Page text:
Supermicro blade chassis (or Dell, HP, IBM) (0)

Anonymous Coward | more than 2 years ago | (#40245315)

Look at the blade options from these guys.

Backplane - check
Integrated switching at the backplane - check or optional
Redundant power and fabrics - check
Modular design - check

Supermicro is more flexible in what they can turn out - this for example: can house four of these:

Redundant Hardware: Complete waste of money. (4, Insightful)

Quick Reply (688867) | more than 2 years ago | (#40245331)

Here is something different to all the other experts.

It is absolutely useless to have redundant hardware, eg: Dual PSUs, Dual CPUs, Dual Motherboards, etc. on the same computer. You will never be able to 100% protect against a hardware failure as they will invariably share hardware to allow the interconnection between the redundant components to occur, it is unlikely to protect from things like a short circuit/power surge which would take out everything until the UPS. Then if a component does fail, to repair it your are going to have to take it offline to restore that redundancy anyway.

You are far better off getting two (or more) completely separate servers, geographically diverse if possible, which uses software to provide redundancy. If one goes down, the other(s) would be powerful enough to handle all the load, and when everything is rosey, it just load balances.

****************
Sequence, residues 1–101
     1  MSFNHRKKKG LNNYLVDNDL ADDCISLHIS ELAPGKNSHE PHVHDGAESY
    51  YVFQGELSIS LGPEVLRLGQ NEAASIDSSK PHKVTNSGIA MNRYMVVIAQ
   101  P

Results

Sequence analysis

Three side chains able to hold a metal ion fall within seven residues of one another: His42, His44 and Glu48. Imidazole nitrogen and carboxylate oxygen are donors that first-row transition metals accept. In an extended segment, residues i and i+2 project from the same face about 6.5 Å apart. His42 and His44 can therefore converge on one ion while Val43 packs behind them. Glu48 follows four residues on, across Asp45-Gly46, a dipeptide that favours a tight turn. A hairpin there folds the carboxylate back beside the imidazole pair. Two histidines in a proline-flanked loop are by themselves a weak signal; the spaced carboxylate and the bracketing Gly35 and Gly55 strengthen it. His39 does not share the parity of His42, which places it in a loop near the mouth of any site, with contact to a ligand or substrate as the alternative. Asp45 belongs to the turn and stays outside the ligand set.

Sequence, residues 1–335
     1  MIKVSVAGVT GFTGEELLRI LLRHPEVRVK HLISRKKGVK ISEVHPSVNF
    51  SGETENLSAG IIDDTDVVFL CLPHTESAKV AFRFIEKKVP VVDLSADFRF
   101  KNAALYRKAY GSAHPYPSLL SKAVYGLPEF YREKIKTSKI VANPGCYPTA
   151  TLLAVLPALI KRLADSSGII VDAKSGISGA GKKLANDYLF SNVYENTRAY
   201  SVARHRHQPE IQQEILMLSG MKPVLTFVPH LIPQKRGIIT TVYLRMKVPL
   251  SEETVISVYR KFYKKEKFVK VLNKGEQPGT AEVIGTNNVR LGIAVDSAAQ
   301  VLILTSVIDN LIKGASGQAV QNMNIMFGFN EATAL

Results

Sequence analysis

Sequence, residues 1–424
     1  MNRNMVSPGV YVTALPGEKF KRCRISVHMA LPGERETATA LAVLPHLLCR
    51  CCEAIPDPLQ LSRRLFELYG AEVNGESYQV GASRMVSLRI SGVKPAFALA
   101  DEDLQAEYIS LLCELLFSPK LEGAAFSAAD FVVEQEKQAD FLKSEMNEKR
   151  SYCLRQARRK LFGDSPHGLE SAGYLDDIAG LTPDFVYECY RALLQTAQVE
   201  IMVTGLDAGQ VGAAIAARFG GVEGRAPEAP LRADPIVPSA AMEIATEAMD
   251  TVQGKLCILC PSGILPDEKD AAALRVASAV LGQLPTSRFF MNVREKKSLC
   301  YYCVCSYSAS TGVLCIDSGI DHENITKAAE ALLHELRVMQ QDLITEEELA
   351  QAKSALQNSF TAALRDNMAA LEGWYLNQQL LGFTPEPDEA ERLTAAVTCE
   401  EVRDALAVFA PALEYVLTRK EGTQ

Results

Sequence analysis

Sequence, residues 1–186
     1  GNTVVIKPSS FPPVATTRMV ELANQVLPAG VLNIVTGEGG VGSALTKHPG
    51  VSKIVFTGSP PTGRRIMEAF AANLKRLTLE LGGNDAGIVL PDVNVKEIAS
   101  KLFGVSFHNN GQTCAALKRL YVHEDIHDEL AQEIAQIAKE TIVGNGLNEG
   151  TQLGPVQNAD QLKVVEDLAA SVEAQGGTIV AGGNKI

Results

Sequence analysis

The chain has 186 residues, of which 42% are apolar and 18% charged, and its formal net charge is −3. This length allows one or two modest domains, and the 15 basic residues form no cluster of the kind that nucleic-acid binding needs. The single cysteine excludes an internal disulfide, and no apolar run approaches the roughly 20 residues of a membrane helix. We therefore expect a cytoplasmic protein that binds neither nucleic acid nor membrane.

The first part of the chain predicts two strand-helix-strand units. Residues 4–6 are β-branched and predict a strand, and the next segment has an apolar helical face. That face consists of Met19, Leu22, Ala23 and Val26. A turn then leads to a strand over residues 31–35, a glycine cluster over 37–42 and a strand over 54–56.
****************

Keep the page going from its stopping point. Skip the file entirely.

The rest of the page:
The real world difference is you are looking at a $5000 server with identical specs as a $20,000 but without all the redundant PSUs, etc. but you would be better off buying two $5,000 servers ($10,000 total), set them up to have redundancy of each other (So you truely have two COMPLETELY separate sets in redundant hardware of all components, and geographically separate too if possible), and as a bonus you have twice as much computing power (or scale down power draw when not needed) for when both servers are working. If you need to pull one down for maintenance, you don't need to shut off the whole thing.

If you are into Dual PSUs, etc. equipment in addition to also load balancing/fallover between other servers which also have redundancy, this is pointless because you should have ability to cope with the complete failure of a "redundant" server anyway, for the time it takes to replace the defective part the window that the other server(s) will have a failure in that time is not very high.

The only exception to this is Hard Drives, Hard Drives make sense for redundancy, not just because of their high rate of failure, but the fact that if there is a failure, it is a lot more work to recover from (Whereas other components are just a straight hardware swap) so it is saving extra work in the long run.

For a smaller environment where a small amount of downtime would be acceptable, You can even have a Cold Server, an exactly clone of the Main Server ready to go with all the software setup but powered off until needed if there is fault with the main server, the Cold Server can then be powered on to take over. There is no redundancy or fall over with this, but then again, in a smaller environment, your app might not support any kind of redundancy. With a Cold Server, just turn off the faulty server, switch on the cold server, restore the latest data set, and off you go. Microsoft doesn't require that Cold Servers hold a separate license either.